Tsromi Church

Tsromi Church dates from the early Middle Ages and was built in 626 - 634 by the Eristavi of Kartli Stefanoz II. A Christian church was in Tsromi even in the fourth century and on the ruins of the old church, Stefanoz II built the current domed church.

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Tsromi Church

Tsromi Church dates from  the early Middle Ages and was built in 626 - 634 by the Eristavi of Kartli Stefanoz II. A Christian church was in Tsromi even in the fourth century and on the ruins of the old church, Stefanoz II built the current domed church. At the turn of the XI and XII, and XVI and XVII centuries, the temple was damaged several times. On September 24, 1731, during the invasion of the Avars, the wall of the church was destroyed. On May 8, 1940, an earthquake damaged the most significant part of the monument, the dome, its wall, western and southern arches collapsed, and the western wall  leaned. In 1949, restoration began. In 1959, the western wall was straightened, and in 1975 a temporary wooden dome was placed on the  church.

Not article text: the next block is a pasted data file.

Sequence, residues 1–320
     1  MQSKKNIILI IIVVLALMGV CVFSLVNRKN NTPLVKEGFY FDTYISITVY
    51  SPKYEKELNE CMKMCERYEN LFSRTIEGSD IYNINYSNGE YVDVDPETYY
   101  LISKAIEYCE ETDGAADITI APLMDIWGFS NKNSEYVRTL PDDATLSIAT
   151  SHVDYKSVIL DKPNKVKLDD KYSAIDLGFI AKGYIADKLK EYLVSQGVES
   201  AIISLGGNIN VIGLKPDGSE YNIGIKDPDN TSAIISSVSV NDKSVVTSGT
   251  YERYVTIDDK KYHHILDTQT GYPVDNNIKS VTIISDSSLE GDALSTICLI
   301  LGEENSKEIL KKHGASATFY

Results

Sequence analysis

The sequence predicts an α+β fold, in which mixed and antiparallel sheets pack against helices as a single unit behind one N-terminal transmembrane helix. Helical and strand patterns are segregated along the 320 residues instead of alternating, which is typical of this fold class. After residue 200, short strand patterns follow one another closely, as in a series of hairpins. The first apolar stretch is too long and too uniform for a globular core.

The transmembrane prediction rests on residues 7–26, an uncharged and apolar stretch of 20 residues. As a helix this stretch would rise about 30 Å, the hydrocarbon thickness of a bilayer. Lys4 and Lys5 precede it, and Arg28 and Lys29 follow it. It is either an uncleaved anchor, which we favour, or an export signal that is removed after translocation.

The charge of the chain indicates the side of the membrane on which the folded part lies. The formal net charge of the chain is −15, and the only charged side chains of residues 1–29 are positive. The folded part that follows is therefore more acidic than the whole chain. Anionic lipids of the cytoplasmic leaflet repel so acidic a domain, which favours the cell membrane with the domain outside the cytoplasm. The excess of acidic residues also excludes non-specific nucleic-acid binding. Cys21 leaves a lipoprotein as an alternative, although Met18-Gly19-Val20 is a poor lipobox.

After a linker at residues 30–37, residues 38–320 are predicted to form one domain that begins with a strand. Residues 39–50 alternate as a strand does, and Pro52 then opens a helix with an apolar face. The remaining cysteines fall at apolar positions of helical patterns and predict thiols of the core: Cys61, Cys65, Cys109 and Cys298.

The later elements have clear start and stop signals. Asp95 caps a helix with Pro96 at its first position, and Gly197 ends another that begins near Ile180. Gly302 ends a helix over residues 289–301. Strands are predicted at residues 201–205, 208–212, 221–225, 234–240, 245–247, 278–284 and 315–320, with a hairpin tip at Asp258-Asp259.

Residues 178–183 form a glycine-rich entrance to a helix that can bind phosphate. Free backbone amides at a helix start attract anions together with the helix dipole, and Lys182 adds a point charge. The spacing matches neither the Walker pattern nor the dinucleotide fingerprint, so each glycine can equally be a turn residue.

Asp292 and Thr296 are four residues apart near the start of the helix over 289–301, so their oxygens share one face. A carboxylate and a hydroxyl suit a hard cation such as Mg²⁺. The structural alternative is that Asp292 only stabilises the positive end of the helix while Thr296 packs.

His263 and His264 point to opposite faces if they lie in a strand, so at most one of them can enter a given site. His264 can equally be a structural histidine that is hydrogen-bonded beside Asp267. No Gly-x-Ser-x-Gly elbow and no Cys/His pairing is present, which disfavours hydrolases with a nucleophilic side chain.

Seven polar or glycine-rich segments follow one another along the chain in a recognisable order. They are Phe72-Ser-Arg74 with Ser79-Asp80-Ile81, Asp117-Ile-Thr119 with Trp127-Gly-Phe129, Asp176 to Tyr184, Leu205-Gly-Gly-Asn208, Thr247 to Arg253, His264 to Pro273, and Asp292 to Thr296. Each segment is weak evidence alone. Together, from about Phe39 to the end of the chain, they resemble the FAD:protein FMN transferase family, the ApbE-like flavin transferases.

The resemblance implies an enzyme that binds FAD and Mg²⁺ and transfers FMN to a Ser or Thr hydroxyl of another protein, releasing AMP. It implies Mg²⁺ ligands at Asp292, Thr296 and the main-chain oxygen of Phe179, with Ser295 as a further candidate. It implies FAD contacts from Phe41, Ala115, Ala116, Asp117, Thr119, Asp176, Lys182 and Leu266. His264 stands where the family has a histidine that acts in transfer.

The dimensions of church are 25.6m x 19.85m. The church has three entrances - west, north and south, and is covered with tiles and stone. On the southwest side is a two-story space; the ground floor was reserved for women, and the top floor was intended for the nobility. The Altar of the church was lined with mosaics, most of which have been destroyed. The remains of the mosaic fragments were transferred to the Georgia Museum of Art. By order of the President in 2006, the church was given the status of a "Monument of National Importance."

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